The budding young leadership group combined with the key veteran presence is all a part of the brave new salary cap world in the NHL, and it’s something that Chiarelli said couldn’t — and shouldn’t — be avoided.
“In this [salary cap] system you have to make moves and assume — and make the correct assumption — that you have other players that will carry those added responsibilities,” Chiarelli said. “Current players [will take it on], so I expect that to happen. We still have a very strong group, and I expect that to happen here.”
Nevertheless, there’s going to be a period of adjustment through the early portions of the season while the new mixture of short-term veterans and core younger players merge into the same “One for all, all for one” team that blended together while bludgeoning the Dallas Stars on the ice early last season — and kept picking up steam through the first round of the playoffs.
If the players can utilize the entire training camp period to get on the same page and synthesize that same chemistry that embodied last season’s tight-knit group, then all the better for the B’s.
HOW MUCH DOES DEREK MORRIS HAVE LEFT IN THE TANK HEADED INTO A PIVOTAL SEASON?
There was a whisper campaign shortly after Morris signed on the dotted line with the Bruins this summer. There were unnamed scouts attacking Morris’ skating ability and skills, and an unsubstantiated opinion that the 30-year-old was already rolling down the slow-decline back nine of an NHL career.
Perhaps that is so.
But one thing to watch during training camp is how seamlessly Morris meshes with Chara in a potential monster No. 1 pairing, and just how much mobility and puck-moving instinct remains within the man. Morris has five 30-plus-point seasons on his hockey resume and he was considered an offensively gifted blueliner with noteworthy skill when he first came into the NHL with the Calgary Flames.
Is Morris simply worn out at the young age of 30, or did he just suffer from the same Phoenix Coyotes malaise that has seemingly engulfed that star-crossed franchise for the last three years? Morris hasn’t been shy about making it sound as though he feels like he’s been freed from hockey jail with his landing spot in Boston, and the blueliner sounds like a guy who wouldn’t mind cementing some roots in the Hub.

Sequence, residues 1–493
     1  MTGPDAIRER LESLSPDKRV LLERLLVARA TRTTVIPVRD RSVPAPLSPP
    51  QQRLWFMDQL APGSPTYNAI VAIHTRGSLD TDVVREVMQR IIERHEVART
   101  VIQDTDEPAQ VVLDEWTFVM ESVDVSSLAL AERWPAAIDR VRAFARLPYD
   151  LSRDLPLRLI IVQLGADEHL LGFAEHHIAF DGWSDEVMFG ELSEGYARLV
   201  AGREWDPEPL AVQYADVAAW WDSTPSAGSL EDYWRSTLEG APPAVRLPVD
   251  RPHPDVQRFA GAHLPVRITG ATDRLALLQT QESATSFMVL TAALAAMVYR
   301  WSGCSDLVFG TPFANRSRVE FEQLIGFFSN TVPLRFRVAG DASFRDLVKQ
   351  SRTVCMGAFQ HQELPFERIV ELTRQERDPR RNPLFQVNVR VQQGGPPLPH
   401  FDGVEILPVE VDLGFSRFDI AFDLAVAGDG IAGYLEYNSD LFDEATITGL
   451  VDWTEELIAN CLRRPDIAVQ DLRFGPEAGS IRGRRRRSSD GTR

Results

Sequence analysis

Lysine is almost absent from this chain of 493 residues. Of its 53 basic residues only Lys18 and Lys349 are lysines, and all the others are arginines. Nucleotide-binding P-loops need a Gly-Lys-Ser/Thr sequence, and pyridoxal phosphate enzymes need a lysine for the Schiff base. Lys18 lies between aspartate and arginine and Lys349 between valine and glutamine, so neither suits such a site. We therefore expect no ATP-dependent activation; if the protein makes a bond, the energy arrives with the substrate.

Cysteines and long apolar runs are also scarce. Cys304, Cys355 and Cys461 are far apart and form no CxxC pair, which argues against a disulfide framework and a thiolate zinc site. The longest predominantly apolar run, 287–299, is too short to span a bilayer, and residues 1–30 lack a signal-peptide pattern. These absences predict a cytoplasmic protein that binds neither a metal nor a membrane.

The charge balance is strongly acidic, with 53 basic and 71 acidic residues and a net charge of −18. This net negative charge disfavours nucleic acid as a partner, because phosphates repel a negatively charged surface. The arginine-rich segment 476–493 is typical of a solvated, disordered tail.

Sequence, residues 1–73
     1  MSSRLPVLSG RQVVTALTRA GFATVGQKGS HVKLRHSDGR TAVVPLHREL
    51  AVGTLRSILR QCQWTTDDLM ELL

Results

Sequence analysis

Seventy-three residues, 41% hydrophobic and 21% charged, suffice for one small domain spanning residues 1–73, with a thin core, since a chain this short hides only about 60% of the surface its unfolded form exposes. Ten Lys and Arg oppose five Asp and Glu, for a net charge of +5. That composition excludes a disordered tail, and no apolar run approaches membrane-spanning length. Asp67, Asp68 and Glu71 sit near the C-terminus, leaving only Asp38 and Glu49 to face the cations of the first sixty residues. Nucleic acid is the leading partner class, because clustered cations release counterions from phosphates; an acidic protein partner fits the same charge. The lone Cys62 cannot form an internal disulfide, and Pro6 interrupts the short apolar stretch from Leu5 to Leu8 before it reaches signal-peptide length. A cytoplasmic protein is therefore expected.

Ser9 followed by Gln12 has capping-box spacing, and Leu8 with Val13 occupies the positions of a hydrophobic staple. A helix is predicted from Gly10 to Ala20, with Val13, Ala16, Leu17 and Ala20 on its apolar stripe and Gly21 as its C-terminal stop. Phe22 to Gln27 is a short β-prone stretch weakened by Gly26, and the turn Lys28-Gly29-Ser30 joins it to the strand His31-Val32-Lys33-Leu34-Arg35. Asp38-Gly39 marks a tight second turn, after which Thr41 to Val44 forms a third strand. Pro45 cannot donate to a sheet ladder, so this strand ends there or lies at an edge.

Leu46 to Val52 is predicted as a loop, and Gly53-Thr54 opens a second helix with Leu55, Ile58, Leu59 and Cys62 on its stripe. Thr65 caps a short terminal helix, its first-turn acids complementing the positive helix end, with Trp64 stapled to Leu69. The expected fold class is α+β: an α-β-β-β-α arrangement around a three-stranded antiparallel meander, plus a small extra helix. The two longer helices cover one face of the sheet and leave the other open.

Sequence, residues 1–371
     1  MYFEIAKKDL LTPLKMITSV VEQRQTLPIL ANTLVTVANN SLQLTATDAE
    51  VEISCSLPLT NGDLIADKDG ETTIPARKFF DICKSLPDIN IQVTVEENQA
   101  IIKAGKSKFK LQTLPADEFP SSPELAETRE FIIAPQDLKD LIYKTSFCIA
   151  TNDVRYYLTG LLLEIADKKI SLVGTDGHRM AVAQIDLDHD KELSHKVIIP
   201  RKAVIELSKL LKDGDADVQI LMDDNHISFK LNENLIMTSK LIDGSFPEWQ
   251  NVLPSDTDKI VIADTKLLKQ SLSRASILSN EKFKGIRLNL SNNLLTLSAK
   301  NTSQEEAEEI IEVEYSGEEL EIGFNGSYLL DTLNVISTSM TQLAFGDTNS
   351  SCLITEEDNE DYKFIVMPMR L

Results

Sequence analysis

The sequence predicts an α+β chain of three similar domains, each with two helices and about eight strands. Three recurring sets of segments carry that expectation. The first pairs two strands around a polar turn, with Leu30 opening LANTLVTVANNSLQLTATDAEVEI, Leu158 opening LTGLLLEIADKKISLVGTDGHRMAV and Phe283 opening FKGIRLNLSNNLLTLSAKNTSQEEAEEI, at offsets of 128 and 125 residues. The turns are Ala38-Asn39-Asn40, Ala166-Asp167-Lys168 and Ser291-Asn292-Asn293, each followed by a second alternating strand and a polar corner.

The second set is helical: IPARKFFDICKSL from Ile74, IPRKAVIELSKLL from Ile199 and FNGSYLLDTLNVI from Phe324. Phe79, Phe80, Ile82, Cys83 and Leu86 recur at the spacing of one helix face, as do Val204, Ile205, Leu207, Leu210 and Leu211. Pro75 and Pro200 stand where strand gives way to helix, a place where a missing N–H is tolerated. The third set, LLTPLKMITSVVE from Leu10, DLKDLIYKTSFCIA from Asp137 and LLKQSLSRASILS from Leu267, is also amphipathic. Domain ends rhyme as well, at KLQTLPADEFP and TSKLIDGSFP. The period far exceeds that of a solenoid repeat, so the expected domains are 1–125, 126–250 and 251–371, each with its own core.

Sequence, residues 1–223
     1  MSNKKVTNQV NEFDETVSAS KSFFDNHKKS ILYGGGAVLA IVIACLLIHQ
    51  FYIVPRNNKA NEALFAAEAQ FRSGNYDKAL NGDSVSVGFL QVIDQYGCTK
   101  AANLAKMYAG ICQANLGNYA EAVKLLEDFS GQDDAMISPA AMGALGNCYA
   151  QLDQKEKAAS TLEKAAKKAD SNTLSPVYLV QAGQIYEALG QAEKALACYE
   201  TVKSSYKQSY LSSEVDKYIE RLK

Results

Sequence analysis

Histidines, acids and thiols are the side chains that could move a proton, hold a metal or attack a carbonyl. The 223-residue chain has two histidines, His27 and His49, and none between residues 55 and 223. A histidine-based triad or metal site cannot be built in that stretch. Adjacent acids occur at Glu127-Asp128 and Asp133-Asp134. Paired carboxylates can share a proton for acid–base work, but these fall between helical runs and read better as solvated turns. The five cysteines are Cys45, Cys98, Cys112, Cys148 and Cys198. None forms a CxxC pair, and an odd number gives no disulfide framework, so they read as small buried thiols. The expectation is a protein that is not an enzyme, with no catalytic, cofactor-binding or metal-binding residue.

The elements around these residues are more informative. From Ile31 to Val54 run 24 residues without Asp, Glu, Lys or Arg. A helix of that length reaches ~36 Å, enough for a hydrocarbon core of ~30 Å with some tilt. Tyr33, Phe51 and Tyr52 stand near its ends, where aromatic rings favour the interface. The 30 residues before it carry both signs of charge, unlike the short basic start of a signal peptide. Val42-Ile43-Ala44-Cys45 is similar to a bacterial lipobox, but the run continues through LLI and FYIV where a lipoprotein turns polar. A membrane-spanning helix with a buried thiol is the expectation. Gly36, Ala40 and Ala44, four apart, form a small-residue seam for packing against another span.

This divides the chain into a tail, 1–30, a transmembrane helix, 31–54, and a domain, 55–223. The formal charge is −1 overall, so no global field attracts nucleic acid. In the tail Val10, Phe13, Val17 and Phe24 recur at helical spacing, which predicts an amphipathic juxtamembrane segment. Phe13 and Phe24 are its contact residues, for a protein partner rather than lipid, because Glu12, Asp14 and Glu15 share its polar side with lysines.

Morris quickly realized that he wasn’t in Scottsdale anymore when he looked around and saw hundreds of fans wearing Bruins sweaters during the opening day of training camp. The fans simply wanted to watch the players skate around through drills during the first day of practice, and that blew Morris away.
He also expects it to make all the difference.
“That was special,” Morris said of the fan turnout. “They’re good fans and they cheered when guys scored. It’s fun to practice when there’s fans there. We probably didn’t have that many there for games [in Phoenix].
“I want to be a big part of the team. I had a year that was a frustrating year the whole year, and I wasn’t having fun playing hockey. I’ve got a new life, and I feel like I’m 19 again. It sounds funny to say it, but I do. I get around the guys and I feel like one of the kids. I’m having fun playing hockey again, and I think it’s going to [translate] out onto the ice.
The numbers would tend to agree with Morris. He admittedly went to a better team in the New York Rangers when he was dealt at the March trading deadline last season. He suddenly became a positive plus-minus player and his scoring pace shot up in two months with the Blueshirts. Add to that the natural motivation behind a one-year contract to a veteran player looking for a home base of operations for his wife and three sons, and this could be a perfect storm for a monster offensive season from the new face along the blueline.
IS MARCO STURM FULLY RECOVERED FROM MAJOR LEFT KNEE SURGERY LAST SEASON?